See, as an example, the mention at the start of this post of hiding under a bed or on a series of bookshelves trying to evade a man with particularly long arms or under a table/in boxes to avoid being spotted by other equally disturbing enemies.
Because the scares were set up this way, I felt like they were a lot more effective here than in some other games where the scares are more jumpscare-y and a bit more predictable.
I think the fact that we might have been playing as such a small character may have helped, too.
Players go through the game playing a small child in a yellow raincoat by the name of Six, or at least this is what promotional material and other reviews tell me is the character’s name. There’s no actual dialogue in the game itself and no narration to indicate who you are or why you are where you are. With none of that in the game, you’re mostly left to draw your own conclusions about the character you’re playing and the world around her.
That world around Six is huge. In fact, it’s so much bigger than the very small character you play. Everything feels so vast and expansive in comparison to Six. Chests of drawers or stacks of books become makeshift ladders for you to climb. Towels or hanging lanterns become makeshift swings to get you from, say, a table into a nearby opening in the wall or across different platforms.
There’s even one moment where you’re climbing up a rope or a chain and the camera zooms out to the point where you’re a barely noticeable spec of yellow in comparison to the size of the characters moving in the background and the immenseness of the structure you’re climbing up.
Visually, Little Nightmares is amazing, a little overwhelming, and grotesque all at once, especially when Six is trying to avoid capture because yes, that’s what she has to do.
Six somehow or other finds herself in a structure called the Maw (again, taken from other reviews and promotional materials; this place is never named in the course of the game), and she has to navigate her way through it as everything gets more and more horrifying.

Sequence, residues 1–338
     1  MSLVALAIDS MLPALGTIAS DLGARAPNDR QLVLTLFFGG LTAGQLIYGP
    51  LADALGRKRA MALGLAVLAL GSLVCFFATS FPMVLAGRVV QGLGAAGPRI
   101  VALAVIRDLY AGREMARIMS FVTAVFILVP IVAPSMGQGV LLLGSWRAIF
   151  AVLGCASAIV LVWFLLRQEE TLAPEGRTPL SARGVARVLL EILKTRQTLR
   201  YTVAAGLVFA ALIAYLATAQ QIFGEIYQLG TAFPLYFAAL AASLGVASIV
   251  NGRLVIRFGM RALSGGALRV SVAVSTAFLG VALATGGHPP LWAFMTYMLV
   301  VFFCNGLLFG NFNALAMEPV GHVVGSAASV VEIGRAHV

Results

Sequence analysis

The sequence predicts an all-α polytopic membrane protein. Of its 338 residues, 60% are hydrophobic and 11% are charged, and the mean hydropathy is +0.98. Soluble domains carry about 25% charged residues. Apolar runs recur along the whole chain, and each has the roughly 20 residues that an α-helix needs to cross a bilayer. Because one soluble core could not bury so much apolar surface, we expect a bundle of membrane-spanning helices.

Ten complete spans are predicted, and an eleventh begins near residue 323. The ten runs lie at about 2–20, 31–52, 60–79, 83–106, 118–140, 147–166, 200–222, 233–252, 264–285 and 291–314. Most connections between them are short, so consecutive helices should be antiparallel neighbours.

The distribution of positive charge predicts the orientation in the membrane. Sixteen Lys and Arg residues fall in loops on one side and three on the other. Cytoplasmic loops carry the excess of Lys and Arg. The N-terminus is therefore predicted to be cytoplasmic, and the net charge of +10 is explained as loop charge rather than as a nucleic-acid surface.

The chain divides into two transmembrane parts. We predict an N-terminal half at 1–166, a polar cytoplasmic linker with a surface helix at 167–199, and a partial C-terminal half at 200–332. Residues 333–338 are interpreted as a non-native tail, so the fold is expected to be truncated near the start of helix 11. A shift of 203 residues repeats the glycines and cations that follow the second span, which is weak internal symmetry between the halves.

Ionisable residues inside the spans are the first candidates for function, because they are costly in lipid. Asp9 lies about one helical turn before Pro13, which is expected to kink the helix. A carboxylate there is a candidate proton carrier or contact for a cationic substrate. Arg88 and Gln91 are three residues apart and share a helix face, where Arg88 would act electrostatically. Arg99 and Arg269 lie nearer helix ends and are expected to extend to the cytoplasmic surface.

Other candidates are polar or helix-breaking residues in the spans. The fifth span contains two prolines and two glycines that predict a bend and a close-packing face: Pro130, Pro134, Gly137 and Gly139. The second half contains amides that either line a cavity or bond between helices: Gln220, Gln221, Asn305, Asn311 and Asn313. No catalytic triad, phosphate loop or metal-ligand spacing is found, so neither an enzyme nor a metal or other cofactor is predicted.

We soon realize she’s not the only child in this structure. There are others in cages that we’re incapable of helping (or perhaps she simply has no desire to do so), and it didn’t take me long to figure out what happens to the other children, especially after one unfortunate occasion where an enemy managed to grab Six and fling her into an oven.
We had seen wrapped things of what I had presumed was meat on a conveyor belt earlier in the game, and yet it wasn’t until just that moment that I realized those were the bodies of other children. The children were in this structure to be eaten by everyone else.
I really wish I was kidding. I am not.
However, this knowledge only added to the horror of the entire experience. Things had been a bit nerve-wracking up until that point, but this new knowledge cranked the entire experience up to an eleven for me in the best way possible.
Overall, I found Little Nightmares to be a surprisingly enjoyable experience, and I think this is one of the few horror games in the lineup that I might actually play again because I enjoyed the experience of playing it so much. In fact, I’d probably even encourage other people to play it, too.
There have been very few horror games in the five I’ve played so far this year that have earned that honor from me, so in my eyes, that’s just a testament to how good this game actually is.